The olive vendors at our outdoor markets in Provence offer an extravagant collection of olives in all colors and sizes, with an endless variety of flavorings. There are miniature black olives from Nice, our own wrinkled black Tanche olives from Nyons, the famed cracked olives from Maussane-les-Alpilles, flavored with wild fennel, and colossal green olives from Greece, as well as mixtures seasoned with hot pepper flakes, paired with plumped dried fava beans, or stirred with golden bits of preserved lemons. I make my own mixture, combining many varieties, then boosting the flavor and color even more by adding bay leaves, lemon or orange rind, hot peppers, and fennel seeds. The combinations are endless, so use this recipe as a simple jumping-off point for your own rainbow collection.

Ingredients:
1 cup extra-virgin olive oil
1/2 cup best-quality red wine vinegar
30 fresh bay leaves
5 plump cloves garlic, peeled, green germs removed, thinly sliced
Wide strips of rind from 2 lemons or 2 oranges, preferably organic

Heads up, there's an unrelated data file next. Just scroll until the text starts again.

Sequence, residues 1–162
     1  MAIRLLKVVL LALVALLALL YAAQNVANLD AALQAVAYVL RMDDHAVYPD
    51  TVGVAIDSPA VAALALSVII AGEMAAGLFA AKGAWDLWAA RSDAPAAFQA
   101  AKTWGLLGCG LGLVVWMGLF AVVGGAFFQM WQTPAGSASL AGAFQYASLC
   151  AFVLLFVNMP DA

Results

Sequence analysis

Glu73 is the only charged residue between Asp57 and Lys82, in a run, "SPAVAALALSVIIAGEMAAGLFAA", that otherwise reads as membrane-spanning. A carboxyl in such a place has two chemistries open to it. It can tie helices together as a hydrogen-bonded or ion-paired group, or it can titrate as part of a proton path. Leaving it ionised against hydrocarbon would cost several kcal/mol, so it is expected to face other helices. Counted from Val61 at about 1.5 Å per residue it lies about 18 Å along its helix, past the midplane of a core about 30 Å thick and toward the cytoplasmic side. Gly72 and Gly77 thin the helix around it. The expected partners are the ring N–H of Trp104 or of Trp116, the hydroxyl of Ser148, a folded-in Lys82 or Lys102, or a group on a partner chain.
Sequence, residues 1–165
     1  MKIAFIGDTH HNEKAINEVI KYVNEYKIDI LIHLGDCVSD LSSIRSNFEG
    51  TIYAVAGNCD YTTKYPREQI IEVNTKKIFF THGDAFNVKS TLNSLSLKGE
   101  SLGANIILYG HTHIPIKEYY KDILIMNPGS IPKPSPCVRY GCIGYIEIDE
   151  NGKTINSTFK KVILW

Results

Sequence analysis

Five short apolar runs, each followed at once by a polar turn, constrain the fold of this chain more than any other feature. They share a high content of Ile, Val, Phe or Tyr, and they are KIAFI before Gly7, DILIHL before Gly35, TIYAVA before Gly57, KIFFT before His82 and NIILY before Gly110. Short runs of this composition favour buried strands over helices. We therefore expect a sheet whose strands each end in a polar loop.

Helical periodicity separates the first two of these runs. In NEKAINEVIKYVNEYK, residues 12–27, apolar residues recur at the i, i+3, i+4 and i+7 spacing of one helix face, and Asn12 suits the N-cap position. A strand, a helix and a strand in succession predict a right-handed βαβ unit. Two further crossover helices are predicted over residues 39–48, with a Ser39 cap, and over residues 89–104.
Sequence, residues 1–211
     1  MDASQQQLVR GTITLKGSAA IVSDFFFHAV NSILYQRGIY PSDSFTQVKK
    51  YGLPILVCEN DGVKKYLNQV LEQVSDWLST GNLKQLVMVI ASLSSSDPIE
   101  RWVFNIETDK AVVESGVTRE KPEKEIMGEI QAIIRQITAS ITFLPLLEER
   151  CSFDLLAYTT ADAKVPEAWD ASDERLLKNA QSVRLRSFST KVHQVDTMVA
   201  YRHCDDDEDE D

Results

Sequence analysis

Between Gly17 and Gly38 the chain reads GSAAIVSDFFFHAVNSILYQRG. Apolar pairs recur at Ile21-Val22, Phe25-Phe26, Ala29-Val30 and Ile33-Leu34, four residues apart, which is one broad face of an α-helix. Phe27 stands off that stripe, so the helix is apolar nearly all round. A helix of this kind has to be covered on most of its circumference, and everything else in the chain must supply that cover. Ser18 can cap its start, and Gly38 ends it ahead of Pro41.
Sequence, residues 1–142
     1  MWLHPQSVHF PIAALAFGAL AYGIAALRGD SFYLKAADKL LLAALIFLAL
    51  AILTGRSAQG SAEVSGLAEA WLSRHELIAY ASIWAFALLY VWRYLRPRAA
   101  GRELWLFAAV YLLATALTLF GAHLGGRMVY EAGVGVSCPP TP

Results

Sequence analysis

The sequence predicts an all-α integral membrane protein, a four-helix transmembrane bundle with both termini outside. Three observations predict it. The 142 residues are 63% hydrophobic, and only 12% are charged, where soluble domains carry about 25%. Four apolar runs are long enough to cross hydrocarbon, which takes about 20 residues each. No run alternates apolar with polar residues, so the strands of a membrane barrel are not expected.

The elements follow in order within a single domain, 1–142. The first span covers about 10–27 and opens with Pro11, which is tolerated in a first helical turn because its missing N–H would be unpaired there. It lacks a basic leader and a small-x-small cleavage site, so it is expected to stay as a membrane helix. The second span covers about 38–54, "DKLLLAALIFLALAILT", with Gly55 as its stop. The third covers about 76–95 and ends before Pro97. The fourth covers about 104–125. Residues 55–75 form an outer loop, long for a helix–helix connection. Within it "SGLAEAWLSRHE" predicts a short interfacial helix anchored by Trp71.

1 teaspoon hot red pepper flakes
1 teaspoon fennel seeds
4 cups olives, preferably a mix of French brine-cured black olives, green Picholines in fennel, green pimiento-stuffed olives, and tiny black Nicoise olives

  1. In a large saucepan, combine the oil, vinegar, bay leaves, and garlic. Heat over low heat just until warm. Remove from the heat and add the lemon or orange rinds and the red pepper flakes. Add the olives and toss to coat them with the liquid. Transfer to a large airtight container.
  2. Refrigerate - shaking the container regularly to redistribute the liquid - for at least 2 hours and up to 2 weeks.

4 Cups of Olives

Nicoise Figs Stuffed with Fennel Seeds and Walnuts
Figues Seches Farcies aux Noix et aux Graines de Fenouil

Years ago in a little shop in Nice I found these tasty stuffed figs. Their version consisted of delicious dried figs stuffed with fennel seeds and walnuts, then wrapped in fig leaves. My version is a bit simpler: I merely slice the figs partway open, stuff them with a freshly cracked walnut and a few fennel seeds, then press them closed. I layer them in a large canning jar with fresh bay leaves tucked between the figs. They are delicious as an instant appetizer with a glass of Beaumes-de-Venise, as a touch of fruit to serve with the cheese course, or as a quick and simple dessert.

Equipment:
A 1-quart airtight container

Ingredients:
24 dried figs
1 tablespoon fennel seeds
24 freshly cracked walnut halves
24 bay leaves, preferably fresh